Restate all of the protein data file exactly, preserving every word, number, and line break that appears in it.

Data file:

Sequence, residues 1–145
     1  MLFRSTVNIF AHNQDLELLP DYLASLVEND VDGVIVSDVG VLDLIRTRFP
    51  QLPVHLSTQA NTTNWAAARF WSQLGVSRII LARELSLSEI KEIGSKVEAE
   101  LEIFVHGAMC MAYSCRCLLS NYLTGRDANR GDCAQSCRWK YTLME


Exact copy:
Sequence, residues 1–145
     1  MLFRSTVNIF AHNQDLELLP DYLASLVEND VDGVIVSDVG VLDLIRTRFP
    51  QLPVHLSTQA NTTNWAAARF WSQLGVSRII LARELSLSEI KEIGSKVEAE
   101  LEIFVHGAMC MAYSCRCLLS NYLTGRDANR GDCAQSCRWK YTLME